Broken Up or Still Around? Manic Street Preachers’ ‘Know Your Enemy’ 2022 Remaster Reviewed

Here is what I know about the state of the world:

1. We are rich.

2. There are no wars or anything (real wars, that is).

3. Ummm. Very little continental drift going on (that’s probably normal).

4. Somewhere, the president’s daughter is “like, totally wasted” right now.

There. One minor problem. Otherwise, things are swell. I haven’t really researched this much, but if something major was going wrong, I’m sure someone would have told me. So what are these Manic Street Preachers bitching about?

Pitchfork review posted March 19th 2001, roughly six months before Americans became aware of bad things happening in the world apart from Jenna Bush being arrested for underage drinking

I discussed the Manics’ 2001 commercial hari kari ‘Know Your Enemy’ at length in my 50’000 word list of their 100 greatest songs published last year. I mentioned that it all started when an aging British revolutionary folk icon turned his nose up at the band’s private Portaloo at a Scottish festival. I mentioned how Manics bassist/lyricist Nicky Wire would later confirm that he wouldn’t have that same folk icon’s “Dick pissing in my toilet for all the money in the fucking world”. I mentioned how that shot of verbosity occurred during a T in the Park performance that acted as an reinvigorating reminder of the band’s routes as angrily political agitprops. I mentioned how people had mostly accepted they would never be that exciting again after the morose and Phil Collins infused ‘This Is My Truth Tell Me Yours‘ had sold roughly seventy two squillion copies, making the band Britain’s biggest rock band after Oasis had politely taken their dog out of the fight with ‘Be Here Now‘. I discussed at length their line in the sand statement single The Masses Against the Classes*, the scuzz punk call to arms that became the first new UK number one of the 21st century. I noted how this moment – along with them playing the song live to 57’000 people at Cardiff’s Millennium Stadium at new years eve 1999 – represented the absolute peak of their commercial success. For the benefit of the TL:DR generation, I then explained the release of their sixth album a little over a year later in meme form:

And despite everything I’ll discuss in this review, I still absolutely stand by that visual point. It’s simply inconceivable that the band ever believed that ‘Know Your Enemy’ would be a commercial success, and it’s likely that they correctly assumed that it would cut ties with the mainstream to such an extent that they would never again experience anything close to the success that they enjoyed in the late 90s. Their previous album, 1998’s ‘This is My Truth…’ sold five million copies worldwide (!), while ‘KYE’ sold 500’000. Nicky Wire would later even concede in Mojo Magazine that much of those sales were to dissatisfied customers, and also remark on how it marked the band’s commercial downturn:  “To this day, you see ‘Know Your Enemy’ at service stations for £2.99, because they bought so many thinking it was by one of those commercial bands! In retrospect, it sold half a million copies. Imagine what we’d give for that now.”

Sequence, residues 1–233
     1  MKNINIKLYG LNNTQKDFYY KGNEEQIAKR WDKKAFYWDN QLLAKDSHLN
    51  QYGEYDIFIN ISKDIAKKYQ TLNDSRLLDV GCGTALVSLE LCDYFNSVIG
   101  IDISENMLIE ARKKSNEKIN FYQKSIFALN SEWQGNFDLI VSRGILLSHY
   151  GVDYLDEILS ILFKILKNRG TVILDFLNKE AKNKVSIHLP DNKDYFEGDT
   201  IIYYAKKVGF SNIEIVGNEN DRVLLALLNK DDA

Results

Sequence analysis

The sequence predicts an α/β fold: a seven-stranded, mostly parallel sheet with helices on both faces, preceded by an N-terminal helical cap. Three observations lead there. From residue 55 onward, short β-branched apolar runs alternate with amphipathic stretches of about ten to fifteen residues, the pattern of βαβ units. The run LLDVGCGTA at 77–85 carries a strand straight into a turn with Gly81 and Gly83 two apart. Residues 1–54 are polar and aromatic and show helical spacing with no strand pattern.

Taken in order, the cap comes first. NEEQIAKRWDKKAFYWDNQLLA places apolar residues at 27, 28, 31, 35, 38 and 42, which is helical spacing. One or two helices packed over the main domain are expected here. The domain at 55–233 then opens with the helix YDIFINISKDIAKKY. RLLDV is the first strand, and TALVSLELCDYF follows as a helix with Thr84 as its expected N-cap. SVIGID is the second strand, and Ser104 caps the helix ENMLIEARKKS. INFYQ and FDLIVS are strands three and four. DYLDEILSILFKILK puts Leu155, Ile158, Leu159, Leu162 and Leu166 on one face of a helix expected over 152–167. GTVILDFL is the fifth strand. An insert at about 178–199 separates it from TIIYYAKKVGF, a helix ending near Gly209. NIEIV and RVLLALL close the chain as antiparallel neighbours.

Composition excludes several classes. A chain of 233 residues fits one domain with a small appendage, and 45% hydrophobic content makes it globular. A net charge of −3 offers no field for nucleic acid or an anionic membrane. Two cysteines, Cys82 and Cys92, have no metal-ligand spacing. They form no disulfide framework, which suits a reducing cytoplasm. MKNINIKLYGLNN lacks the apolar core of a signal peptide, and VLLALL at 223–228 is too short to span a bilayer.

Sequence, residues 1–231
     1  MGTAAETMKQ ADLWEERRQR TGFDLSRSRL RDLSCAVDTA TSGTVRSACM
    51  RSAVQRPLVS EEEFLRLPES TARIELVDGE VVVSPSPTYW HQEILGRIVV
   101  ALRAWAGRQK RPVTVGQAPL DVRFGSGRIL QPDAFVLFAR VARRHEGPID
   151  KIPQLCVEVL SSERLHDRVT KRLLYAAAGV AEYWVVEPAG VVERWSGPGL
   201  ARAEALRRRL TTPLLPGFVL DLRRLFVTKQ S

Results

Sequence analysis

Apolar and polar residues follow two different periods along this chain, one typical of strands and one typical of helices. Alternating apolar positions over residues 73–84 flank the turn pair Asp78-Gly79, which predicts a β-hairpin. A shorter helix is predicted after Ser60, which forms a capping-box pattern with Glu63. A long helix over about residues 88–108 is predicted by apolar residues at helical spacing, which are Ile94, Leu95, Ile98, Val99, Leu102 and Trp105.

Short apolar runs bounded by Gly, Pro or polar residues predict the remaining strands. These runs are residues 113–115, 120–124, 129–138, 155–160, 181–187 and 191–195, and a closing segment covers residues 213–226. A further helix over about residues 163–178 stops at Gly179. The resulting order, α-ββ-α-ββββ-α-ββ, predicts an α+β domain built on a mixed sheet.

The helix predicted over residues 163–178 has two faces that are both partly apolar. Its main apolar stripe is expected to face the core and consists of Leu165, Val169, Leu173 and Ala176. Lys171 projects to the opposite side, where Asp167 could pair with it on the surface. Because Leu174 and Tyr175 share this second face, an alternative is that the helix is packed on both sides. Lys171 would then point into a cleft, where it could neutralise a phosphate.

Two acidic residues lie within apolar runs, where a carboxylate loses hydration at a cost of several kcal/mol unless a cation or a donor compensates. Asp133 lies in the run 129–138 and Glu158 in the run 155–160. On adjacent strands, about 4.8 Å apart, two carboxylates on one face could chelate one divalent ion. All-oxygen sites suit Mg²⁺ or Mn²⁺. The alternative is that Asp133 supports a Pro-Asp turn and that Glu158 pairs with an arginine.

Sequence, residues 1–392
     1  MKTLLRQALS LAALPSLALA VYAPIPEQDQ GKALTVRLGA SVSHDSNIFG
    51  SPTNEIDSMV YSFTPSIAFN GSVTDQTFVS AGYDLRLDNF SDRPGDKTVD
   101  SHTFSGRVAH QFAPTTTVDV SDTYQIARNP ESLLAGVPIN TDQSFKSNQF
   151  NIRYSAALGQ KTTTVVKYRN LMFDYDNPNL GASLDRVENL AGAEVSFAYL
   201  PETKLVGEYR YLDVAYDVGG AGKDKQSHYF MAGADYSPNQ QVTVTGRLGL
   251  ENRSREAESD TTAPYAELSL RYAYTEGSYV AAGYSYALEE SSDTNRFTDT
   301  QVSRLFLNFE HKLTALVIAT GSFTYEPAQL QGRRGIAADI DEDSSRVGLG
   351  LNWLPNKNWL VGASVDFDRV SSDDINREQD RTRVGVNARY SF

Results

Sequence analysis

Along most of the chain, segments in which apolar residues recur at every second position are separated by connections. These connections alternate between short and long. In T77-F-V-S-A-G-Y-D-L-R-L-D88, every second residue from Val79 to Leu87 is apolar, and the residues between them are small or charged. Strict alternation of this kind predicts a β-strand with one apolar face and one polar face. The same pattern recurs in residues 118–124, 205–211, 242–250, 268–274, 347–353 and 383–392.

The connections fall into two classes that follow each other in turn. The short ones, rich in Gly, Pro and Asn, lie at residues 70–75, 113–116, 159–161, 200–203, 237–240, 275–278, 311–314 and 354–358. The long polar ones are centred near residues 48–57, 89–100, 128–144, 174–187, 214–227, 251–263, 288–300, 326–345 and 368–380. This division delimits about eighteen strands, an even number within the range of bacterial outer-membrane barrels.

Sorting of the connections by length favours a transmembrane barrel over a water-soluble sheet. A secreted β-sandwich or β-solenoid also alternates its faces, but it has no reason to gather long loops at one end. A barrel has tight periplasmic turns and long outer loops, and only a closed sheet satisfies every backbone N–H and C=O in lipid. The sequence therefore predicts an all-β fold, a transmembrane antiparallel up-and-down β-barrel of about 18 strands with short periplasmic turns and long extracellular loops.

So, yes: commercially, it was ritual suicide. But was it any good?

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65 NYSE:%

I was never even aware of the existence of the ‘Vaporwave’ genre maybe as recently as six months ago. Vaporwave is electronic music that utilises 1980s mood music and smooth jazz via tropes and distorted samples, mainly to provide a satiric commentary of some of capitalism’s and consumer culture’s worst excesses. It’s different, it’s making a statement, it’s at once disgusting and thrilling, it sounds quite unlike anything else, and it jumped immediately to being one of My Favourite Things. It’s experimental, it’s abrasive, it’s self-aware, it’s challenging, it’s exciting. I love it. I’d be proud, honoured and- dare I say it- woke if I were to be considered one of the notable early adopters of the movement.

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Unfortunately, that’s unlikely to be happen, as vaporwave has existed since the early 2010s after emerging as a more ironic take on ‘Chillwave’ (another genre I was not aware of). Me being considered an early adopter of vaporwave because of the handful of shouts on this list (and there will be more) is like me naming Brian Eno on my 2014 list marking me out as an integral part of the early success of Roxy Music. Yes, I know Mojo Magazine made that claim in a 2017 cover story, but I’ve actually attempted to distance myself from that article many time in the past. Anyway, in August the guy who used to be in The Monkees claimed himself a fan of the genre, so now it’s officially over.

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